Missouri laws effective Aug. 28 cover emergency zones, plates, insurance

By Keith Goble, Land Line state legislative editor | 8/27/2013

Multiple new laws in Missouri that take effect on Wednesday, Aug. 28, cover driving around emergency scenes, truck plates and proof of insurance.

One change increases penalties for dangerous driving in an “emergency zone.”

The new law authorizes $35 fines, in addition to any other fine, for traffic violations committed near emergency scenes. The affected areas include those marked by emergency responders on or near the roadway.

Fines of $250 are authorized for anyone caught speeding or passing in an emergency zone, plus any existing penalties.

The new law also creates an offense of endangering an emergency responder if, when a worker is present, offenders are caught exceeding the posted limit by at least 15 mph, passing another vehicle, and driving in any lane off limits for travelers in the affected area.

Offenders would face fines up to $1,000. If injury or death results, fines increase to as much as $5,000 and $10,000, respectively.

Another new law offers an additional license plate for about 225,000 large trucks registered in the state.

Existing Missouri law limits property-carrying trucks weighing more than 12,000 pounds to one license plate.

The new rule allows affected truck owners to request a second plate. The state can charge $15 for the additional plate.

According to a fiscal note, the plates could raise another $337,000 each year for state and local transportation work. Three-quarters of new revenue is slated to the state’s highway fund. Cities will get 15 percent and counties will get the other 10 percent.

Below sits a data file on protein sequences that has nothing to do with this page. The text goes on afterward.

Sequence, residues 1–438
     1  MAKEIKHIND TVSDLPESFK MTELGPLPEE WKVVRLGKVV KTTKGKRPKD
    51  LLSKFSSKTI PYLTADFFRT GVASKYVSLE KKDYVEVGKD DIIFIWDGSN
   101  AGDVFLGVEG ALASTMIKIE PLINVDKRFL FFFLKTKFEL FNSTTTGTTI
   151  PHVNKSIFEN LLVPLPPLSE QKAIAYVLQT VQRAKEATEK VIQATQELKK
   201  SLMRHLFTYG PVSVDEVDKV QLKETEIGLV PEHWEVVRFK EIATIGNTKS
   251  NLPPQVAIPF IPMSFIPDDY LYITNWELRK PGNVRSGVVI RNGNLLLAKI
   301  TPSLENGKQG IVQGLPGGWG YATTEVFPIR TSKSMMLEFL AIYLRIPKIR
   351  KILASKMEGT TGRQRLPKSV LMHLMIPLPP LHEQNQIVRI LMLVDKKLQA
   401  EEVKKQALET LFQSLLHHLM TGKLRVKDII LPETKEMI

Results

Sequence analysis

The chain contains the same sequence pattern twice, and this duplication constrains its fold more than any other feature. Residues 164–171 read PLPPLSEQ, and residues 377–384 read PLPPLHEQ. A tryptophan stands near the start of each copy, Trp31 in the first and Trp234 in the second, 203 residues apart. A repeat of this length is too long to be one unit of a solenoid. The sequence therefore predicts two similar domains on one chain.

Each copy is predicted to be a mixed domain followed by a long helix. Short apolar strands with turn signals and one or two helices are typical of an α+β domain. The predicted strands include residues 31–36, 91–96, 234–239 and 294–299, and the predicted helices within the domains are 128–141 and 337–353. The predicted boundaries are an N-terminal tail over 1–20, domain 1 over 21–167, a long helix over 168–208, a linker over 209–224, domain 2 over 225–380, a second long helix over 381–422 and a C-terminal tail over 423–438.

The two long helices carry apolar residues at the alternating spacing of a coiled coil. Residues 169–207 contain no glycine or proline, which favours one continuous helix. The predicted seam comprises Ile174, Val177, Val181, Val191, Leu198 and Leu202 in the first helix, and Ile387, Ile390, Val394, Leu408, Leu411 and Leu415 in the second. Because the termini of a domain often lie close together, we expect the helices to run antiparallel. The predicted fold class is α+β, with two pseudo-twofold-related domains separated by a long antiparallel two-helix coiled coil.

Plates will include “distinguishing marks” indicating one is for the front of the truck and the other is for the rear.

A separate law is intended to simplify providing proof of vehicle insurance. No longer will drivers need to provide a paper copy of their insurance card to law enforcement officers.

Truckers and motorists can provide an electronic copy of their insurance when prompted.

Missouri is one of 27 states to adopt the policy, according to the Property Casualty Insurers Association of America. Seventeen states have approved electronic proof in 2013.

The Missouri law relieves law enforcement from any liability for damage to an electronic device when it’s presented as proof of insurance. However, willful or malicious actions that cause damage to a device aren’t protected.

One more rule change taking effect clarifies the state’s rules on red-light runners.

The change prohibits ticketing vehicle owners if the vehicle entered the intersection before the light turned red. The new state law supersedes any local rules.

To view other legislative activities of interest for Missouri, click here.

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